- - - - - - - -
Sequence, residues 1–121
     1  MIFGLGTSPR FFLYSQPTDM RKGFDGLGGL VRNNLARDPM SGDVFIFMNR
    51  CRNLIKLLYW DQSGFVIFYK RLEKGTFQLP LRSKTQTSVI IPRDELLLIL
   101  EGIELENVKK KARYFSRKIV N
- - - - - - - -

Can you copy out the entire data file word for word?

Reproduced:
Sequence, residues 1–121
     1  MIFGLGTSPR FFLYSQPTDM RKGFDGLGGL VRNNLARDPM SGDVFIFMNR
    51  CRNLIKLLYW DQSGFVIFYK RLEKGTFQLP LRSKTQTSVI IPRDELLLIL
   101  EGIELENVKK KARYFSRKIV N